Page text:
Two LaPlace residents will go head-to-head in a special election Saturday for a seat on the St. John the Baptist Parish School Board.
Nia Mitchell and Lisa Johnson Pittman, both parents of children who attend public schools in the parish, are competing to represent District 10.
The winner will fill the spot formerly occupied by Rodney Nicholas, who resigned in November to become St. John's deputy assessor. The term expires Dec. 31, 2018.
Mitchell, 38, has been serving as an interim board member since Nicholas’ resignation and cites her experience in education as a major qualification.
She said she has been an educator for nine years, serving as a teacher, executive school director, principal, director of academics and dean of students in schools throughout Florida and Louisiana.
"I aspired to become a school leader because as a teacher I could only impact the students in my classroom," Mitchell said. "As a school leader, I was charged with impacting an entire school community. As a board member, that territory has expanded, but more importantly, it encompasses my community."
Pittman, 53, who is a medical secretary in the New Orleans area, said she knows what the St. John school district needs because she has children and grandchildren in the parish's public schools.
She also touts her involvement in school and church activities.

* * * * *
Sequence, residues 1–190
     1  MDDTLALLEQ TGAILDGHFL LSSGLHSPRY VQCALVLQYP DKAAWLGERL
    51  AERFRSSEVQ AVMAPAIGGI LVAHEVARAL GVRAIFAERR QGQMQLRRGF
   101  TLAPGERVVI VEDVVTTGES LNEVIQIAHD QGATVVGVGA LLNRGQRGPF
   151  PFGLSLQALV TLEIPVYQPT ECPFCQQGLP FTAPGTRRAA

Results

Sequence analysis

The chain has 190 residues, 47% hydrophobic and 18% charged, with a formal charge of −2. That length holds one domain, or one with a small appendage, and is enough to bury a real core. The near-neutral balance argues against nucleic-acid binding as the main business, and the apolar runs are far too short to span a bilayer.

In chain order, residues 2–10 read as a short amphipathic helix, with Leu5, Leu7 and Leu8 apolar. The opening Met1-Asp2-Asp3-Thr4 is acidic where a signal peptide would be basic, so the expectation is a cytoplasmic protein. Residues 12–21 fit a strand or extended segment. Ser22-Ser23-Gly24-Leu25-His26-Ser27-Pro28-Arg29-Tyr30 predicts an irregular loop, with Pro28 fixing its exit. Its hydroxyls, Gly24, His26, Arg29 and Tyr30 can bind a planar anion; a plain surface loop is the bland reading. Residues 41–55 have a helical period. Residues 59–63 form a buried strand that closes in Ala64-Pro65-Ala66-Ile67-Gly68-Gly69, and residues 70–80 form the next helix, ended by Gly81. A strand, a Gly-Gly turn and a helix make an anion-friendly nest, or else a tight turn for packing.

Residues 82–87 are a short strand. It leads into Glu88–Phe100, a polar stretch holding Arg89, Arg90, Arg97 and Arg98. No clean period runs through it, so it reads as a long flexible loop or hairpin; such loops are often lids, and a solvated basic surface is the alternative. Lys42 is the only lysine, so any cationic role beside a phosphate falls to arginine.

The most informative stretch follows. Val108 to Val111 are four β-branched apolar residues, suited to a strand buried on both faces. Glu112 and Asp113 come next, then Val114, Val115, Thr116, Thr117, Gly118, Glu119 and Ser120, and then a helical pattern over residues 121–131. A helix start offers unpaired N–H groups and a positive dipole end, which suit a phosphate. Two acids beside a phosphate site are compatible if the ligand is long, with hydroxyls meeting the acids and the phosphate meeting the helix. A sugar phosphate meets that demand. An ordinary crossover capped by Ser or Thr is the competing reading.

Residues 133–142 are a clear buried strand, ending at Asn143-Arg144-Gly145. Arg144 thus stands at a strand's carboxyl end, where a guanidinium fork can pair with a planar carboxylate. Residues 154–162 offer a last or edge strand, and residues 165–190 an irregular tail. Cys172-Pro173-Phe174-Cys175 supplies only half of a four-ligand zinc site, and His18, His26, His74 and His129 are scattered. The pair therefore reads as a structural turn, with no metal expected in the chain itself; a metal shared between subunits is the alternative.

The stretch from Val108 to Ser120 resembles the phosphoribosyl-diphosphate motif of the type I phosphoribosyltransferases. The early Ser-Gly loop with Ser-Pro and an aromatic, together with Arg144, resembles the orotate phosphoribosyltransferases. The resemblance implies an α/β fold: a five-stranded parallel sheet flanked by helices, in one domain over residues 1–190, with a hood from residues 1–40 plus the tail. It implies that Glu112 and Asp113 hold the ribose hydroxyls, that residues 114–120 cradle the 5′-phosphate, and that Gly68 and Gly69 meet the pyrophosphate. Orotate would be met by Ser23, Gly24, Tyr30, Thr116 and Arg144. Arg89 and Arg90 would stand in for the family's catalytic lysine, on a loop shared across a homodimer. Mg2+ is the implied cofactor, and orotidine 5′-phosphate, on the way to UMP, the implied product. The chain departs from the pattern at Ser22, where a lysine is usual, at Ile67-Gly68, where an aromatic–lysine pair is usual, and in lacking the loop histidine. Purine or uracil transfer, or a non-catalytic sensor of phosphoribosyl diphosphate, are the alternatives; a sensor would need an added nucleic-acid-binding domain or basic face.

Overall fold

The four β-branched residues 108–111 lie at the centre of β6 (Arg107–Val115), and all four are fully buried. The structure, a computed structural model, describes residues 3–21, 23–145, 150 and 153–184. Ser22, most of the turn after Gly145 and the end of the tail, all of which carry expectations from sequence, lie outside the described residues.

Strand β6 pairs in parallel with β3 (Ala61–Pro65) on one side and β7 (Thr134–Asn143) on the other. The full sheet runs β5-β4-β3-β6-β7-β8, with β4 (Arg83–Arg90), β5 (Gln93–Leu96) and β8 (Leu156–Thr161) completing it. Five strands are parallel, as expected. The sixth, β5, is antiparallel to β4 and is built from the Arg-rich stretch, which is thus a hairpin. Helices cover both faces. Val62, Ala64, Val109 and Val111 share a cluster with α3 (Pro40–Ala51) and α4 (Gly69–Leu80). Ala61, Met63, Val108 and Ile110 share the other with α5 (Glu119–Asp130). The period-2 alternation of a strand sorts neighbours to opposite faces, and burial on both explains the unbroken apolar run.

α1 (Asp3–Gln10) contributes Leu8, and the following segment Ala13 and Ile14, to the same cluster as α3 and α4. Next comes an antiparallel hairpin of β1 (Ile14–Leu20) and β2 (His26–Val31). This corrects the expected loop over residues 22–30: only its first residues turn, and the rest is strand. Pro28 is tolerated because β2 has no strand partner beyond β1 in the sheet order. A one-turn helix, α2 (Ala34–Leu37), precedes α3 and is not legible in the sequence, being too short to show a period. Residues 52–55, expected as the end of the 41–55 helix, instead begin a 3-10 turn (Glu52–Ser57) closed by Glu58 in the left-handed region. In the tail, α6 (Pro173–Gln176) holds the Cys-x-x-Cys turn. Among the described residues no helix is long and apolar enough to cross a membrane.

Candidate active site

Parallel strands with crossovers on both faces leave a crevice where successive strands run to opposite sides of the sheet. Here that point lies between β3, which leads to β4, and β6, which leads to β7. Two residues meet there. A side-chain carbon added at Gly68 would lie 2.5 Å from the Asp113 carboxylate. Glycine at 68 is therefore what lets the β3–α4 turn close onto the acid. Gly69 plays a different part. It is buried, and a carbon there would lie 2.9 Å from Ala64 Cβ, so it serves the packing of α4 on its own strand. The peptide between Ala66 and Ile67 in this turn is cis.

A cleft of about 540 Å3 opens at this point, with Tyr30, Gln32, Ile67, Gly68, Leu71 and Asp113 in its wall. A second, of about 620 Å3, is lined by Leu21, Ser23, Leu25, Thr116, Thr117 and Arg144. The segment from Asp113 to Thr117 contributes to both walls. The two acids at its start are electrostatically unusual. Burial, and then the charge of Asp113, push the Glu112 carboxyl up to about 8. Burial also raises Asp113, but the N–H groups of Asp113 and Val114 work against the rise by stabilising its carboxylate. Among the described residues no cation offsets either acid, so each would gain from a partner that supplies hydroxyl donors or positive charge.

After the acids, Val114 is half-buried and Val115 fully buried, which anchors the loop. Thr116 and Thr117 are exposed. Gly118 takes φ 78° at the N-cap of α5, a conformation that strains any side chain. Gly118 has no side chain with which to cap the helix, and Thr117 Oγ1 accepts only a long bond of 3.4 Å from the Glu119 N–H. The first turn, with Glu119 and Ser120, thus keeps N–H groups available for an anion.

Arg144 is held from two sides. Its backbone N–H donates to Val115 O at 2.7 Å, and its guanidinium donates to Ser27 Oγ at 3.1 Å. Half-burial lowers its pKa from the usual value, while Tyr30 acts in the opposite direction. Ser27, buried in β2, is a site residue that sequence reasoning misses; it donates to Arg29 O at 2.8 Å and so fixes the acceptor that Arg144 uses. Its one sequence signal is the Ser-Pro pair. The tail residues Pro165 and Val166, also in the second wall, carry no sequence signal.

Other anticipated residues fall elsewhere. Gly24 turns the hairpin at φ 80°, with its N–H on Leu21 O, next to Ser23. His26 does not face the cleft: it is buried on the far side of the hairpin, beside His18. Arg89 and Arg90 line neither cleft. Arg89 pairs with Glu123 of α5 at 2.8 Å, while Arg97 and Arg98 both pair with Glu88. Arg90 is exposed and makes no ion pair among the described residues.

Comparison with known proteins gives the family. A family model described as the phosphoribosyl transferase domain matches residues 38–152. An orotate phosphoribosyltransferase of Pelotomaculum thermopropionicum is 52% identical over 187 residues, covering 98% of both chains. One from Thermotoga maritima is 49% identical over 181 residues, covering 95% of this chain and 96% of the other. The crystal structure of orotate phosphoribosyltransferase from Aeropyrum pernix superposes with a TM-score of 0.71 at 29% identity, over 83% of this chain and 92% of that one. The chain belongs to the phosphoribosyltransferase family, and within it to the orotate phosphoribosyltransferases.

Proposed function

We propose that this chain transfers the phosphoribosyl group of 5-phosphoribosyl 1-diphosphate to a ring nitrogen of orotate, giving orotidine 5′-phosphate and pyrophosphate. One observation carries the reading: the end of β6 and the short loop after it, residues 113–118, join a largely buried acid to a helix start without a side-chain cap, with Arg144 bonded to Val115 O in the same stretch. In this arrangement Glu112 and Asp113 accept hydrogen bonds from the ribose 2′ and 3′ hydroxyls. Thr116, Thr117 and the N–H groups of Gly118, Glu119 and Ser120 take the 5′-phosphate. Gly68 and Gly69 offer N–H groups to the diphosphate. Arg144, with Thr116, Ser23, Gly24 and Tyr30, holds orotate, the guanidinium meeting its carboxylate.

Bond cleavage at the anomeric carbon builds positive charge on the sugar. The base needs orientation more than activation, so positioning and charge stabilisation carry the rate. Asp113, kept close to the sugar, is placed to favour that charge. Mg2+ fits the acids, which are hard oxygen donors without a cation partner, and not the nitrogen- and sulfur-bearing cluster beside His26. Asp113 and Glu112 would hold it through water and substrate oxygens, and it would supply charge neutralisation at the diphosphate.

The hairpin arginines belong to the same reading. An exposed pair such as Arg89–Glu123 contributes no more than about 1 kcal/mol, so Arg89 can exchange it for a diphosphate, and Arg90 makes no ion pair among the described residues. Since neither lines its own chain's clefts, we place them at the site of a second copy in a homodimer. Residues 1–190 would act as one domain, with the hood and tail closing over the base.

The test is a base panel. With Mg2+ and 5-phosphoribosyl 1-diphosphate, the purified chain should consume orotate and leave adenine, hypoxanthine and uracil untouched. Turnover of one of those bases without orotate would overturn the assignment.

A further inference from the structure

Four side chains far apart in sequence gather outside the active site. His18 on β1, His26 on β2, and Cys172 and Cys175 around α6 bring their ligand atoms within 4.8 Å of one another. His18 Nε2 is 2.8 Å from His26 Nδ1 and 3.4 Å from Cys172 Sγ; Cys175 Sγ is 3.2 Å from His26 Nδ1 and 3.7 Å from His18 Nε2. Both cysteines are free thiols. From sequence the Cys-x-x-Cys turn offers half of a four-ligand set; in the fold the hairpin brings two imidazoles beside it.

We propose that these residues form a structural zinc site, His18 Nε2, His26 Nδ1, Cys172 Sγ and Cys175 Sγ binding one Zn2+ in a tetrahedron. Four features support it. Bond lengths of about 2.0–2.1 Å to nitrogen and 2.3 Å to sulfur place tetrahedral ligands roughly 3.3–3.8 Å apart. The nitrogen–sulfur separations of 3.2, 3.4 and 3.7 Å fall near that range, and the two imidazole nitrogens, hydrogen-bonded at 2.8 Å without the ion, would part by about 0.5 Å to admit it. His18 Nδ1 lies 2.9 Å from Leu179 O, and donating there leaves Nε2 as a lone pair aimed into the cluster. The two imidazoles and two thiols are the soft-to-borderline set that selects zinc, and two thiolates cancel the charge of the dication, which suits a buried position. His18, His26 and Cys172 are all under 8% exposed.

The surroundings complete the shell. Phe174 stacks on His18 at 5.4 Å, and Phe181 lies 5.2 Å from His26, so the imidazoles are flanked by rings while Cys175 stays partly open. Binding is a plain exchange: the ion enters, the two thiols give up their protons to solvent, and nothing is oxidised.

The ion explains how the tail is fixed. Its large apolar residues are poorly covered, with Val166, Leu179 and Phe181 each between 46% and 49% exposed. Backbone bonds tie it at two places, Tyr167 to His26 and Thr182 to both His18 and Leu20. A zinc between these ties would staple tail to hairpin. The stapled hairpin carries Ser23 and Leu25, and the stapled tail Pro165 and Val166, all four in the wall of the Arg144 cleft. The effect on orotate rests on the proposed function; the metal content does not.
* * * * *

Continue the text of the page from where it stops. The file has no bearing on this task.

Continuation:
"Participating in group activities at schools all over the parish has given me a foundation in communicating with people from many backgrounds, problem solving and project initiating," Pittman said.
Mitchell and Pittman both praised gains for the parish's schools but said the district could do better. Letter grades released in November show the St. John district earned a B from the Louisiana Department of Education in 2016, the same grade as in 2015. The district ranks in the middle of Louisiana's 72 public school systems.
The parish, however, earned 10 progress points, the maximum number possible, for improving the scores of students who previously struggled academically.
To further improve the system, Mitchell said she would work on integrating technology into the classroom by giving students access to digital textbooks and programs such as Google Classroom.
She said the 85 percent of the parish's students who are economically disadvantaged deserve the "exact same quality of education, same resources, and same academic and social exposure" as students in private schools.
Pittman said officials need a better strategy for providing support to students outside the classroom, especially to those who face challenges at home, if the district is going to achieve higher scores.
"We are so close to being at the top, and I plan on being a plug that will assist in getting us to the next level," Pittman said. "Many of our students have issues beyond the classroom, and as a district we need to spring into mentoring our children as a whole."